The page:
Policy shuffle

Time to get into some access-list tips. I am going to make a management zone and want to control which protocols.First make the address book entry we will use to define our management hosts.

set security zones security-zone trust address-book address CORP-MGMT description "Corporate Management access range"
set security zones security-zone trust address-book address CORP-MGMT 192.168.2.0/24

If you want to learn more about address-book entries then have a read of this post. Now the aim of this lab is to let a range of management hosts in the trust range to access management interfaces. I require HTTPS, FTP, and SSH. This will then be followed by a deny all statement to catch the rogues. I want these attempts to be recorded. This will firstly allow me to block and lock cheeky attempts into management but also identify legitimate attempts with a recorded log.

set security policies from-zone trust to-zone management policy TRUST-TO-MANAGEMENT-PERMIT-DENY-ALL match source-address any
set security policies from-zone trust to-zone management policy TRUST-TO-MANAGEMENT-PERMIT-DENY-ALL match destination-address any
set security policies from-zone trust to-zone management policy TRUST-TO-MANAGEMENT-PERMIT-DENY-ALL match application any
set security policies from-zone trust to-zone management policy TRUST-TO-MANAGEMENT-PERMIT-DENY-ALL then deny
set security policies from-zone trust to-zone management policy TRUST-TO-MANAGEMENT-PERMIT-DENY-ALL then log session-init
set security policies from-zone trust to-zone management policy TRUST-TO-MANAGEMENT-PERMIT-FTP match source-address CORP-MGMT
set security policies from-zone trust to-zone management policy TRUST-TO-MANAGEMENT-PERMIT-FTP match destination-address any
set security policies from-zone trust to-zone management policy TRUST-TO-MANAGEMENT-PERMIT-FTP match application junos-ftp
set security policies from-zone trust to-zone management policy TRUST-TO-MANAGEMENT-PERMIT-FTP then permit
set security policies from-zone trust to-zone management policy TRUST-TO-MANAGEMENT-PERMIT-SSH match source-address CORP-MGMT
set security policies from-zone trust to-zone management policy TRUST-TO-MANAGEMENT-PERMIT-SSH match destination-address any
set security policies from-zone trust to-zone management policy TRUST-TO-MANAGEMENT-PERMIT-SSH match application junos-ssh
set security policies from-zone trust to-zone management policy TRUST-TO-MANAGEMENT-PERMIT-SSH then permit
set security policies from-zone trust to-zone management policy TRUST-TO-MANAGEMENT-PERMIT-HTTPS match source-address CORP-MGMT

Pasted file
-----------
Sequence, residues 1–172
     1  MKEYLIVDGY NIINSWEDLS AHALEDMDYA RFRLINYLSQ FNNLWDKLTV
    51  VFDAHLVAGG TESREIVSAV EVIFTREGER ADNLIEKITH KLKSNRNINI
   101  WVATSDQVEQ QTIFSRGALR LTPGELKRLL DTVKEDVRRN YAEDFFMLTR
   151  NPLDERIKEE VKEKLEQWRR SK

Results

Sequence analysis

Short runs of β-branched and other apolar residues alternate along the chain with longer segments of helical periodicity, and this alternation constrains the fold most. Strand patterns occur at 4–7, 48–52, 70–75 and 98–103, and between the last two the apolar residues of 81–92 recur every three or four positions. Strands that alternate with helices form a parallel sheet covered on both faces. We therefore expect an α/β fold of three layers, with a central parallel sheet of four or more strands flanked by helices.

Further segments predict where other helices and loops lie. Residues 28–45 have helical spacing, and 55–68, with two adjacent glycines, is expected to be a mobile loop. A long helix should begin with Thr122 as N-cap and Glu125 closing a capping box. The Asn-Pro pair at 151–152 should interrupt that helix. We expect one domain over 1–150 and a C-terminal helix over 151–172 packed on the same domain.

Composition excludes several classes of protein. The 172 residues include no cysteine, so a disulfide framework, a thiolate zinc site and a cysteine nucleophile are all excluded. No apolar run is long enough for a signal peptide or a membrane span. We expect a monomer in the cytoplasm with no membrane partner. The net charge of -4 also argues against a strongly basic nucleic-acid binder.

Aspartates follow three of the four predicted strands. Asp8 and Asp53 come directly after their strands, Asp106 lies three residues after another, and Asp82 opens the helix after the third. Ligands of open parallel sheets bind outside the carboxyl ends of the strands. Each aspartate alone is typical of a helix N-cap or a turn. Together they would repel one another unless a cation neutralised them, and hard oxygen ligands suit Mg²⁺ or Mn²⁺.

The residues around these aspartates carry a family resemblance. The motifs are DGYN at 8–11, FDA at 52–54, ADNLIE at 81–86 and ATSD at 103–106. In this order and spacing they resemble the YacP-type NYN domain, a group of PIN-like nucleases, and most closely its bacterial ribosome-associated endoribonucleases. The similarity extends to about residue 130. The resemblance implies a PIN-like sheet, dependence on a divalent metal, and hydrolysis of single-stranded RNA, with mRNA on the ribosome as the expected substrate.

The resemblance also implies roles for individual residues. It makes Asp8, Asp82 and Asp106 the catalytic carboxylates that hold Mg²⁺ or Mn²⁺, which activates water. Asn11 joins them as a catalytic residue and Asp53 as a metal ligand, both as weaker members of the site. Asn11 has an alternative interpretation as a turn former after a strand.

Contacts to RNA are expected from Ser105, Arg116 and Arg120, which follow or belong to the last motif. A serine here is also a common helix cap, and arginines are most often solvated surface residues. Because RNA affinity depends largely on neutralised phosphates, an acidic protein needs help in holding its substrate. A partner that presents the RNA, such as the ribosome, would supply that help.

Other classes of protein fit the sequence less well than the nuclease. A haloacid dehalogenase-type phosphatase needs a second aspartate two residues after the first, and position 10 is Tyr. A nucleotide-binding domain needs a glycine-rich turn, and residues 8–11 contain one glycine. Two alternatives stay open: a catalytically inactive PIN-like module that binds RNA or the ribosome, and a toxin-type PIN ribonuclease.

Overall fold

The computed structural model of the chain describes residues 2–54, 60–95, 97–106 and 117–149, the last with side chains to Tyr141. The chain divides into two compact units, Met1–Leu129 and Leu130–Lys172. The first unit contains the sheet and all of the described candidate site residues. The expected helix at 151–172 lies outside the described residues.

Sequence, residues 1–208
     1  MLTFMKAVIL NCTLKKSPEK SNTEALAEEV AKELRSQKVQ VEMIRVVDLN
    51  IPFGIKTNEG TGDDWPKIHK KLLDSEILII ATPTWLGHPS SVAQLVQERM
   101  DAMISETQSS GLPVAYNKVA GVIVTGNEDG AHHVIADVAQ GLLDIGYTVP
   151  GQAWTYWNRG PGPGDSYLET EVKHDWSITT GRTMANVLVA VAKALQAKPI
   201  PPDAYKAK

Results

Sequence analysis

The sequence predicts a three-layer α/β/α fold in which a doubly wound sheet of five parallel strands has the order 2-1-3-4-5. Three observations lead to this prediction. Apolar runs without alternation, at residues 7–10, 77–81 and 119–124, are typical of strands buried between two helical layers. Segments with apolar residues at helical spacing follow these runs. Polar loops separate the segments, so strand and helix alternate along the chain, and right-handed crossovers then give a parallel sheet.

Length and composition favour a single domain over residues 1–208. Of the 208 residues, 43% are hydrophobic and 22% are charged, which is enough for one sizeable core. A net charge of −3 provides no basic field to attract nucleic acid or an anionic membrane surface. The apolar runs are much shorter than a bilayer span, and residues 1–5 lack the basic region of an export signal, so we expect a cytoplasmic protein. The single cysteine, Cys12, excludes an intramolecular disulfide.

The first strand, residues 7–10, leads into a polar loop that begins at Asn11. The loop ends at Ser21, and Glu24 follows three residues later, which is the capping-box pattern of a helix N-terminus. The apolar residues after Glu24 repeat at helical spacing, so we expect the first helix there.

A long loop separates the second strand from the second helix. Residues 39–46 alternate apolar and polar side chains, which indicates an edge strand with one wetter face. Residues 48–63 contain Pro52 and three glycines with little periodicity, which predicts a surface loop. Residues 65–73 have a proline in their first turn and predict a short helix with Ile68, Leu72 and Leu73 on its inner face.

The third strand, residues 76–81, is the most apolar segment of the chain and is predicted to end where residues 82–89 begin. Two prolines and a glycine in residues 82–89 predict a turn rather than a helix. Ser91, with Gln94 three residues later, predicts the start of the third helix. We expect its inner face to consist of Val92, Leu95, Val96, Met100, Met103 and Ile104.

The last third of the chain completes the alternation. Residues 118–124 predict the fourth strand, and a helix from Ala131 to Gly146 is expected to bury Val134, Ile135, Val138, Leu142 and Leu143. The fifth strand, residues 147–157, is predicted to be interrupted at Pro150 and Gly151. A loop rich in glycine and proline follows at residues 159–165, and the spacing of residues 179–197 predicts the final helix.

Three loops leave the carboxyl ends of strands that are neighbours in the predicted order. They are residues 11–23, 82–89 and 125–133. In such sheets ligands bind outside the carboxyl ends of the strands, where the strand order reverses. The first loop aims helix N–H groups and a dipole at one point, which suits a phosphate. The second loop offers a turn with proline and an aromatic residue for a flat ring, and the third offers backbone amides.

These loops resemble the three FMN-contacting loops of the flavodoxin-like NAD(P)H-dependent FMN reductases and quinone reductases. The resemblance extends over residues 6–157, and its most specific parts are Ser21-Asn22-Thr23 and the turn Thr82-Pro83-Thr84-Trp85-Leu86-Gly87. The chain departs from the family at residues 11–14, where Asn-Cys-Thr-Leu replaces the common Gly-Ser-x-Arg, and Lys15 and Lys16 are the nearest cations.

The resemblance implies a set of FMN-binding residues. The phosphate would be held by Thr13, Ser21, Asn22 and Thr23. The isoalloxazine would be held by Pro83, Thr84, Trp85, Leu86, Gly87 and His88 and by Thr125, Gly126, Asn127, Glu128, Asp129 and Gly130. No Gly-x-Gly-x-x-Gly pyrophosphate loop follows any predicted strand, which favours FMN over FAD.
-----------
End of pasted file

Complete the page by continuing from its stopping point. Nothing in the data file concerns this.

set security policies from-zone trust to-zone management policy TRUST-TO-MANAGEMENT-PERMIT-HTTPS match destination-address any
set security policies from-zone trust to-zone management policy TRUST-TO-MANAGEMENT-PERMIT-HTTPS match application junos-https
set security policies from-zone trust to-zone management policy TRUST-TO-MANAGEMENT-PERMIT-HTTPS then permit

So now we have created the ability to access the management zone from trust zone. Now if I look at the order of my policies what will happen? Can you spot it? The deny policy is at the top and that will supersede any full to follow. No traffic at all. Time to re-sequence some policies. A major difference to IOS is that JUNOS uses names on policies that reside on inter zone mappings. IOS has sequence numbers under a particular access-list.

[email protected]# insert security policies from-zone trust to-zone management policy TRUST-TO-MANAGEMENT-PERMIT-DENY-ALL after policy TRUST-TO-MANAGEMENT-PERMIT-HTTPS

There we go. It isn’t too hard at all. Now it is moved we can match the required traffic then block all non matched traffic. I noticed the name of my policy is quite poor for my deny all. Let’s take the PERMIT out of our DENY policies name!

[edit security policies from-zone trust to-zone management]
[email protected]# rename policy TRUST-TO-MANAGEMENT-PERMIT-DENY-ALL to policy TRUST-TO-MANAGEMENT-DENY-ALL

That brings us to the end of this little blog. Control of policies allows quick manipulation of access-list to suit our needs. Think of the ability to quickly flick lines around. Albeit in the future the manual definition of rules will become a little different with SDN and Openflow for now we need to work with what we got.

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